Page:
On a later trip, I discovered how many villages are sited in these locations.  Fintonia itself was on a low dome of rock with the houses firmly stuck on top.  I imagine that this helped in the rainy season – the water escaped in all directions away from the houses, the ground beneath them was never waterlogged with all the associated bads that come from that.  The surrounding hills were also based on these domes of rock, but with much more soil and vegetation than the one at Fintonia.  With all that going on, when it rained, the water would more likely soak into the soil and percolate into the rock itself, hence being stored in the aquifer.  At various points around the dome, the water would discharge into these open springs, but in a much more controlled way than after rainfall, and that water would be sweet – having had the soil and dead vegetation that would get mixed up in larger rivers and flash floods filtered out.  It was an excellent system.

Our guide here, the man from Ealing, with his white cap and blue flowery shirt, and most importantly a notebook and pen in his hand to prove his educational superiority over his fellow villagers, talked at length about the issues here, wider than STEWARD had budget for but important points – better education, better ability and support to make community decisions, better basic tools to get the job done.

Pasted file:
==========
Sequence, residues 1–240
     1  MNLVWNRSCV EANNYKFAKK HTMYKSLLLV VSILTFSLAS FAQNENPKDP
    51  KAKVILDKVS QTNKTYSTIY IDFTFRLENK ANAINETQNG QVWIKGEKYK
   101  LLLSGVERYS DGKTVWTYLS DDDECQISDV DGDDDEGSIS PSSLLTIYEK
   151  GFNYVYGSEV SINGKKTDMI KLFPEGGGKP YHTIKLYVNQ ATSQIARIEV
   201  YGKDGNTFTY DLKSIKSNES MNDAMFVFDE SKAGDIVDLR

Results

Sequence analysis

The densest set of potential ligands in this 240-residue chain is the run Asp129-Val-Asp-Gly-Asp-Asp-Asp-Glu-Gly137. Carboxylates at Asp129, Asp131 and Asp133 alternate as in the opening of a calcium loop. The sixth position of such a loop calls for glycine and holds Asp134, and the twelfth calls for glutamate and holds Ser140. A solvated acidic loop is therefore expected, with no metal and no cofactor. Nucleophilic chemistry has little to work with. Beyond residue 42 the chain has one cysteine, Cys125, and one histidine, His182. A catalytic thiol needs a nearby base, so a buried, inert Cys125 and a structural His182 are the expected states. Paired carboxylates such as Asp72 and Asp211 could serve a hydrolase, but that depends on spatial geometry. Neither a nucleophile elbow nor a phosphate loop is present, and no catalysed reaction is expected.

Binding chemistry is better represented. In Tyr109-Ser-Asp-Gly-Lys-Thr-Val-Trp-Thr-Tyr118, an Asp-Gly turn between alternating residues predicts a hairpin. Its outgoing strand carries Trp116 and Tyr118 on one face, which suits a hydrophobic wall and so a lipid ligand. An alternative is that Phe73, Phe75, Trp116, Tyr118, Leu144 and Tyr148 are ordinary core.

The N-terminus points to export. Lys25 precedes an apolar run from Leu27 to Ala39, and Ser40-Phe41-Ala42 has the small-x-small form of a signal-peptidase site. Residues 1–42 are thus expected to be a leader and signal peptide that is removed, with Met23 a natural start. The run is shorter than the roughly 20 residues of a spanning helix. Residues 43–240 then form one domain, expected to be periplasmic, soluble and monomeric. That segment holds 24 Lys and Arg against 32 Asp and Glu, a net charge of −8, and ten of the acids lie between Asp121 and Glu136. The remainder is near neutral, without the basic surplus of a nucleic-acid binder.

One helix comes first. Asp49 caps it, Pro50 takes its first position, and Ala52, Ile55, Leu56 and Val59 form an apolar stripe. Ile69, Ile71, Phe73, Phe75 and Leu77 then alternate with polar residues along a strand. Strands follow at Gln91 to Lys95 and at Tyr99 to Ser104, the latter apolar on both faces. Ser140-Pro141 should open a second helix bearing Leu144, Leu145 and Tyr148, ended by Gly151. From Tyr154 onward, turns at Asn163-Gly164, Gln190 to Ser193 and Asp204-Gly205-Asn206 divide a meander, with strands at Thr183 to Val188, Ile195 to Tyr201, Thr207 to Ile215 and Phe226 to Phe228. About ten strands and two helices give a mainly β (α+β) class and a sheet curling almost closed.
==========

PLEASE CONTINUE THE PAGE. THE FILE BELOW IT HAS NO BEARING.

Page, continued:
He enjoyed lecturing, and made some good points, but we had to move on.  There was at least one more village to visit that day, and it was further away from the camp.  We headed back to the vehicles and although delayed for a few more moments while Stephanie and Annie dealt with a whole bunch of STEWARD administration  – since communications was so poor they had to take any opportunity in the field to have face to face meetings with their extension officers.  By the time all that was complete, it was decided we would have to abandon our plans to visit the final village; we’d never reach there, do our business and get back to the forest camp in time before dark.

Capturing the Diversity – Dampier’s Drip